Fort church finds new ways to care for community during virus crisis

Want to read more?

We value our content  and access to our full site is  only available with a  subscription. Your subscription entitles you to 7-day-a-week access to our website, plus a full digital copy of that week’s paper to read on your pc/mac or mobile device In addition your subscription includes access to digital archive copies from 2006 onwards

Just want to read one issue? No problem you can subscribe for just one week (or longer if you wish)

Already a subscriber?

 

Subscribe Now

Reverend Richard Baxter, minister of Fort William Duncansburgh MacIntosh and Kilmonivaig, sat down this week to give his thoughts on the impact of the COVID-19 pandemic on local church life in Lochaber.

He said the whole community is affected by coronavirus, and everyone has to do their part in stopping its spread by minimising social contacts and following all the health advice we are given.

‘We owe that to health service and care staff and to our neighbours,’ said Rev Baxter.

‘Our congregations in common with all other churches and faith groups, have suspended all our regular activities including Sunday services. That’s a huge gap in the lives of many people.

‘We have been taking steps to make sure people can still engage in worship, even if they are alone at home.’

Rev Richard Baxter.
Rev Richard Baxter.

Question: So are churches just closed for worship now?
‘So while the church buildings are, but the church communities are not! We’re keeping going in several ways. First, we sent out some materials for prayer and reflection for the period up to Easter to all our members, because we know many people will not have access to or use social media.

Copies of that can be emailed to anyone else who wants them. Secondly, we are doing much more by internet and social media. Our website
www.thedmac.com has links to worship resources and a library of talks on a
wide range of subjects.

‘However, our Facebook pages have been a great resource. For example, materials on the Facebook pages last Sunday were watched by many times more people than would come to our services – about four times our Sunday congregations at last count.

‘As well as people in Lochaber, video messages have been viewed across Scotland, in Northern Ireland, the south of England, Liverpool, the Lake District, Malawi, and Australia to name but a few, so we’re reaching much further than usual.

‘We’ll keep putting up new reflections each week, and responding to comments that come back. We’re also sharing in wider initiatives like last Sunday’s national day of prayer, shared across the country through social media and candles in windows.’

Question: What is happening about other events such as funeral services?
Rev Baxter: ‘The hardest change we’re having to make is around funeral services. In Lochaber most services take place in churches and we’re no longer allowed to use them for that or for gatherings of family and friends as we normally would.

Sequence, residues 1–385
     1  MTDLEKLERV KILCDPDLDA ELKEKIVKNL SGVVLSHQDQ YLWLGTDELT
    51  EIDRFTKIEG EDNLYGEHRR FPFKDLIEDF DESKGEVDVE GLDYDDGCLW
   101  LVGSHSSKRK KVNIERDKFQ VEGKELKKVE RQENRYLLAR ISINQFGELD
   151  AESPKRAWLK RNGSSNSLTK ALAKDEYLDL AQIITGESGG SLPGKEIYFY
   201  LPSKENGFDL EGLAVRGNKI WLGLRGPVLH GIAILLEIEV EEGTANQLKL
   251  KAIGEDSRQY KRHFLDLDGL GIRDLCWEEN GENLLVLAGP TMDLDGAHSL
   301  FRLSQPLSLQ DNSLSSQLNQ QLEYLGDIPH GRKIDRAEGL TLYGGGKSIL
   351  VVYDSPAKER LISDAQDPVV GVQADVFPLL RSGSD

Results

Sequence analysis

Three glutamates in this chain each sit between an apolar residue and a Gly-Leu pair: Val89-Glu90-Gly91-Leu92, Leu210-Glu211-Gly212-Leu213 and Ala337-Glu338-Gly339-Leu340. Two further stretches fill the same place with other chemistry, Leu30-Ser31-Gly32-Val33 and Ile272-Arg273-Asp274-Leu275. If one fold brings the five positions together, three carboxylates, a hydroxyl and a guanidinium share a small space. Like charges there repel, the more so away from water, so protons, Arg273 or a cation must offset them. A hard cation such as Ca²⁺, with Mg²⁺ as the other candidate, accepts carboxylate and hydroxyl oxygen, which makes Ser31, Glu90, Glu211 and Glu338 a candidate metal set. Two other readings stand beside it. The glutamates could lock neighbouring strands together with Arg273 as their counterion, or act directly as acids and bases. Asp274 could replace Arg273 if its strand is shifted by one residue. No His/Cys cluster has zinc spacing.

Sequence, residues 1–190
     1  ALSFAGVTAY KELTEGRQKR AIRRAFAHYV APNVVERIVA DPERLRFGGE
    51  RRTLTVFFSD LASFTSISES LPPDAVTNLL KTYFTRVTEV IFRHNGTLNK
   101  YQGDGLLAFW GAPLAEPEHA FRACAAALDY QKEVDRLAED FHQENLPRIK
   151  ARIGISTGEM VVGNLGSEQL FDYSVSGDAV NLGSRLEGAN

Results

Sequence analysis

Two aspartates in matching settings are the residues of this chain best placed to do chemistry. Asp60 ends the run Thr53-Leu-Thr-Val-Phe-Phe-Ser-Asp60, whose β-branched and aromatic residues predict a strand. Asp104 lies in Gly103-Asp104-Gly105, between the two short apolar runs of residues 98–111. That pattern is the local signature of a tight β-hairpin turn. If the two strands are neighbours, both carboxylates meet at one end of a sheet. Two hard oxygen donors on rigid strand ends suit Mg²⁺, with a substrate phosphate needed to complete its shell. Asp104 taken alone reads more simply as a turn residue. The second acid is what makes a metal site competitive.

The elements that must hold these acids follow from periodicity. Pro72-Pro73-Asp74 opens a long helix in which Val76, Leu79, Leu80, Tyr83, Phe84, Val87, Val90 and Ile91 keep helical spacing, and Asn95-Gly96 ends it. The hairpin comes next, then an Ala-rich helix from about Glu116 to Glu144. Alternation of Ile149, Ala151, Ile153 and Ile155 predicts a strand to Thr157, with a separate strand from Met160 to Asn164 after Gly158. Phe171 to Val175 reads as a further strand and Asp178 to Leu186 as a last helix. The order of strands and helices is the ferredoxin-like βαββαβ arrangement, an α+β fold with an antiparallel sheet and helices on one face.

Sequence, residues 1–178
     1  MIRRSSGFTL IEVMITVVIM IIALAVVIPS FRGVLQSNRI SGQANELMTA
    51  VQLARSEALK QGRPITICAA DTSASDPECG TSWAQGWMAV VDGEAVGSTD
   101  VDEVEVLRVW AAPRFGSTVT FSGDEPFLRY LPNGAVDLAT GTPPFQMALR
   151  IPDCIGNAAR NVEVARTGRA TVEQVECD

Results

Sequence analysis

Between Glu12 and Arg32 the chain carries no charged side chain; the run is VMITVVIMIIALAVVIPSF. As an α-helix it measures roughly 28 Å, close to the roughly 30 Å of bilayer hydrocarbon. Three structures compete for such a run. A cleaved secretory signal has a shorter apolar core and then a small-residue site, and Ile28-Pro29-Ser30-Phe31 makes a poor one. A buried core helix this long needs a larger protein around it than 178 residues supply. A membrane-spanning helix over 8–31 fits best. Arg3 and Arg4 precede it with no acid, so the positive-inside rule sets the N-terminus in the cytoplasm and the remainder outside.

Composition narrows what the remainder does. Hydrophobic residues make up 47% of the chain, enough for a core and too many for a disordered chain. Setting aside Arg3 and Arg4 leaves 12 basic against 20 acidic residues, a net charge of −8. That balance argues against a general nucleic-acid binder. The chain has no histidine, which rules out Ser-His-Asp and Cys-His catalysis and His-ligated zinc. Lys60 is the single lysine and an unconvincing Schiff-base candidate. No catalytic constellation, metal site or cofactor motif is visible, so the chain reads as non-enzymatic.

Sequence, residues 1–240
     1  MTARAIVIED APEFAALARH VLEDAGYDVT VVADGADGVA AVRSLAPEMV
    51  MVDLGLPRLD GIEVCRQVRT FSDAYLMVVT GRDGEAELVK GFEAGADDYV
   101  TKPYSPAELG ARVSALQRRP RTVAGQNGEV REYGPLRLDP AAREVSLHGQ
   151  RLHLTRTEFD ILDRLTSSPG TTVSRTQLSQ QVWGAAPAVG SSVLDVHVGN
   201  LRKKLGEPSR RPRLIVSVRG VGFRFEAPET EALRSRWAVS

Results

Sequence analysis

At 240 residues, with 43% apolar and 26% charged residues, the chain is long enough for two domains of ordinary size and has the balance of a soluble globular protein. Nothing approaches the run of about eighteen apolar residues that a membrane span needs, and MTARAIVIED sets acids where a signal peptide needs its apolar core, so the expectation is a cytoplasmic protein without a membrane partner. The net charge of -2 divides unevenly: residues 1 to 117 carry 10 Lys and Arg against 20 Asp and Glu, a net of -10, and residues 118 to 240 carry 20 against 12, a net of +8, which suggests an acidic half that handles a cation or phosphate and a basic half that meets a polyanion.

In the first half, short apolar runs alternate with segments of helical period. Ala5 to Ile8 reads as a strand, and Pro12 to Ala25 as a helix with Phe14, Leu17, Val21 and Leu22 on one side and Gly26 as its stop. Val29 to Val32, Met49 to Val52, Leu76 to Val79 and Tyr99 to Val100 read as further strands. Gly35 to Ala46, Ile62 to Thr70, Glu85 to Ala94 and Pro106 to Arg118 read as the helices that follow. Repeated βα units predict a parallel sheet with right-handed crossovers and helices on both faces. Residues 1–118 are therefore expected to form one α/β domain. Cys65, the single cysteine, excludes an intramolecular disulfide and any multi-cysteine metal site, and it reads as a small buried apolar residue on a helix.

‘We can still carry out committal services for immediate family at the graveside, but we’re trying to do other things as well. Of course, we’ll have appropriate memorial events when the coronavirus crisis is over, but we can also email copies of services to families so they can pass those to family and friends.

‘It may be possible to write services and deliver them by video, so people who can’t come in person can still be part of them. We have to be creative in finding ways to allow people to remember and celebrate their loved ones, when the normal avenues are closed off.’

Question: ‘What other things can churches still do?
Rev Baxter: ‘This may be a crisis for the whole of society, but it is making us look at better and more imaginative ways of providing pastoral care and worship. It’s also an opportunity for individuals to find their own creative ways of helping neighbours and serving their community and we’re encouraging those who can to take those steps.

‘Finally, we continue to provide a listening ear for anyone who wants it. Even without face to face meetings, we can use phone calls, email, Facebook
WhatsApp and all sorts of means to offer help and support to anyone who
wants it, whether they are connected to a church or have a faith background
or not.’

Question: Can you sum up your thoughts in one message?
Rev Baxter: I suppose I’d say the most often repeated words in the whole of the Bible are ‘Do not be afraid.’ In critical situations for communities and individuals those words are repeated over and over.

‘We have a God who made us and loves us and put us here for a purpose. Even when life is hard he won’t give up on us, and we can ask for his help. Quite simply, by working together, by acting sensibly, by putting our faith into practice, we’ll get through all this.

‘It will be hard, there will be sad times in the midst of it, but we’ll learn and grow and find out something about the kind of people we really are.’